Access

You are not currently logged in.

Access your personal account or get JSTOR access through your library or other institution:

login

Log in to your personal account or through your institution.

If you need an accessible version of this item please contact JSTOR User Support

Newborn Pain Cries and Vagal Tone: Parallel Changes in Response to Circumcision

Fran Lang Porter, Stephen W. Porges and Richard E. Marshall
Child Development
Vol. 59, No. 2 (Apr., 1988), pp. 495-505
Published by: Wiley on behalf of the Society for Research in Child Development
DOI: 10.2307/1130327
Stable URL: http://www.jstor.org/stable/1130327
Page Count: 11
  • Read Online (Free)
  • Download ($34.00)
  • Subscribe ($19.50)
  • Cite this Item
If you need an accessible version of this item please contact JSTOR User Support
Newborn Pain Cries and Vagal Tone: Parallel Changes in Response to Circumcision
Preview not available

Abstract

Clinical studies have demonstrated that the cries of chronically stressed, medically compromised infants are characteristically higher and more variable in pitch than those of healthy infants. Other studies have indicated that the vagal tone of chronically stressed infants is significantly reduced in comparison to that of normal infants. A neural model of cry production has been proposed which suggests that decreased vagal tone among infants at risk may, in fact, be related to these increases in cry pitch. Using routine, unanesthetized circumcision as a model of stress, we were able to examine the relation between cry acoustics and vagal tone in normal, healthy newborns undergoing an acutely stressful event. Vocalizations, heart, and respiratory waveforms were continuously recorded from 49 (32 experimental; 17 control) 1-2-day-old, full-term infants during preoperative, surgical, and postoperative periods. Vagal tone, as measured by the amplitude of respiratory sinus arrhythmia extracted from heart period data, was significantly reduced during the severe stress of circumcision, and these reductions were paralleled by significant increases in the pitch of the infants' cries. In addition, individual differences in vagal tone measured prior to circumcision surgery were predictive of physiological and acoustic reactivity to subsequent stress. These results emphasize the potential role of vagal control of the autonomic nervous system during stress.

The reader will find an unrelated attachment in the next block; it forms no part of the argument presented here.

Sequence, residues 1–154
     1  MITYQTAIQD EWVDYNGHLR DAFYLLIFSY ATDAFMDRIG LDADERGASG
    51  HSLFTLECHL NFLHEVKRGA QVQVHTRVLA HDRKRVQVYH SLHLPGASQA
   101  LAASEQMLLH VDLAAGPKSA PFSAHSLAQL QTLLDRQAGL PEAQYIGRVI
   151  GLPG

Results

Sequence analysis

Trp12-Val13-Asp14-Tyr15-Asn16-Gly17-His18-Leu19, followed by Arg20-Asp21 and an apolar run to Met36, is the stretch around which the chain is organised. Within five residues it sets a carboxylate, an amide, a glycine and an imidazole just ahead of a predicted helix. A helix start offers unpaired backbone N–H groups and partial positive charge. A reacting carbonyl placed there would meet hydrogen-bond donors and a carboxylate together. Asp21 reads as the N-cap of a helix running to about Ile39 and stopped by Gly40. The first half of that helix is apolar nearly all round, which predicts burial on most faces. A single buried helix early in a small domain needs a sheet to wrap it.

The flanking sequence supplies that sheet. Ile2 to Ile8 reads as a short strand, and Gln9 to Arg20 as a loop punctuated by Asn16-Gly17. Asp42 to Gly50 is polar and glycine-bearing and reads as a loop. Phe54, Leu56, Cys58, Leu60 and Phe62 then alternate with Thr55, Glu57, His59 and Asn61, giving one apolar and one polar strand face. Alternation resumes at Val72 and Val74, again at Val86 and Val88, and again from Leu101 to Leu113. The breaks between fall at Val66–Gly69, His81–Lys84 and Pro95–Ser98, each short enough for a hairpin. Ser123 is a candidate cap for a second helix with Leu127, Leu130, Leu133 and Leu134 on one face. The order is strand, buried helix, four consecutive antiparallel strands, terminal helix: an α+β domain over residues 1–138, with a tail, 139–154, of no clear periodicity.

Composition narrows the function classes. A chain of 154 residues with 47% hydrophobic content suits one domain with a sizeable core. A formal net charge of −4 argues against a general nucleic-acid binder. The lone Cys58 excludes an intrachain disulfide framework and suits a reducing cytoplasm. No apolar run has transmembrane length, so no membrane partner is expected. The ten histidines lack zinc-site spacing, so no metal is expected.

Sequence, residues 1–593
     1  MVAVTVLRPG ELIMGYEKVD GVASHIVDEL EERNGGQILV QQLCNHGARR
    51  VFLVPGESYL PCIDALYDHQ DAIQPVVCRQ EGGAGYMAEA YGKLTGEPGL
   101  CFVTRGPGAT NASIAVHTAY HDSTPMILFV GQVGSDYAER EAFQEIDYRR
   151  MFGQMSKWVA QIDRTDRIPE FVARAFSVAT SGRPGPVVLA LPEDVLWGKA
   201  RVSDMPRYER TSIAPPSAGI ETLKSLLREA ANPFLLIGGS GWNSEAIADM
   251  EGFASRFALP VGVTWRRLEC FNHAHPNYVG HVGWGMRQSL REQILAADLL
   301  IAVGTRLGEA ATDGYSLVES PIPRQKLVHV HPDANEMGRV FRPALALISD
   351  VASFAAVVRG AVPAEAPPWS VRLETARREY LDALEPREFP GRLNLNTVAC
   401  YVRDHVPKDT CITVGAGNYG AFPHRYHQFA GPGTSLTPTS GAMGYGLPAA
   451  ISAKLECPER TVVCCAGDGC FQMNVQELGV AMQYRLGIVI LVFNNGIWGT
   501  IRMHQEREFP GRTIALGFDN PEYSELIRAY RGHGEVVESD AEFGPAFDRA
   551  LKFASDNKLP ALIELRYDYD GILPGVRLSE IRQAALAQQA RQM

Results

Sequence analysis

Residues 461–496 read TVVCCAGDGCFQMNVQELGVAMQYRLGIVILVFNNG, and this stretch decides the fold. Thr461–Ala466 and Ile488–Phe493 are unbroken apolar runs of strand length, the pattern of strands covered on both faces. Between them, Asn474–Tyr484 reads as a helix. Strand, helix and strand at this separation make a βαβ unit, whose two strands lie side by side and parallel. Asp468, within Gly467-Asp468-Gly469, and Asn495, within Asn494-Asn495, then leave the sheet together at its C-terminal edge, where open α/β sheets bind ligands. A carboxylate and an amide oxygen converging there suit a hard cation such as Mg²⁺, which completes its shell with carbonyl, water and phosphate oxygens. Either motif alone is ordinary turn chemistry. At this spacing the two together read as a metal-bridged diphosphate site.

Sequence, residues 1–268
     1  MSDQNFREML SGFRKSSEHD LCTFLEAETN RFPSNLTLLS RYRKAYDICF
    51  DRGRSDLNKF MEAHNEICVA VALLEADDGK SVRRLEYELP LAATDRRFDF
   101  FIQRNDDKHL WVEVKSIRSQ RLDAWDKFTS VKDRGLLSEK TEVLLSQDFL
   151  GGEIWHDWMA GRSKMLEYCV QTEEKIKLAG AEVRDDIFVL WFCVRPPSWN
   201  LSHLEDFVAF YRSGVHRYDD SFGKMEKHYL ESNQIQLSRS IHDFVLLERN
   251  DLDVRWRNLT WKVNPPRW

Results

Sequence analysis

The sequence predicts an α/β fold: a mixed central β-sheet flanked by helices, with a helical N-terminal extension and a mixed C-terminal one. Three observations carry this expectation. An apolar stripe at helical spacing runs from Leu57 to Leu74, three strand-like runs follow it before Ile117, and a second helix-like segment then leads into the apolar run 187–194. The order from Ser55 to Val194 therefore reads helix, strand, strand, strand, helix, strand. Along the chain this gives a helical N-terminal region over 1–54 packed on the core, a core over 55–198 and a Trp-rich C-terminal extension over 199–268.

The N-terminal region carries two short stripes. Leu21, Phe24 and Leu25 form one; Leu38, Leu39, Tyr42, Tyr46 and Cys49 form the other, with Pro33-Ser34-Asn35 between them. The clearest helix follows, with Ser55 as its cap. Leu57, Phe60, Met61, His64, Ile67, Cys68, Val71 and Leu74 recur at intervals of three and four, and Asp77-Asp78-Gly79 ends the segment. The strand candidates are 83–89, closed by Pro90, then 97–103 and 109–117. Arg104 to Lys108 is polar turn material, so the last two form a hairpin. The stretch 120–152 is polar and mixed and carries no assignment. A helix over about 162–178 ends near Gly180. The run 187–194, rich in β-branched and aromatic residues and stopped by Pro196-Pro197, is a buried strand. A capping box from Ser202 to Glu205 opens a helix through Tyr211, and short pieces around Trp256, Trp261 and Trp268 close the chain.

Page Thumbnails

  • Thumbnail: Page 
[495]
    [495]
  • Thumbnail: Page 
496
    496
  • Thumbnail: Page 
497
    497
  • Thumbnail: Page 
498
    498
  • Thumbnail: Page 
499
    499
  • Thumbnail: Page 
500
    500
  • Thumbnail: Page 
501
    501
  • Thumbnail: Page 
502
    502
  • Thumbnail: Page 
503
    503
  • Thumbnail: Page 
504
    504
  • Thumbnail: Page 
505
    505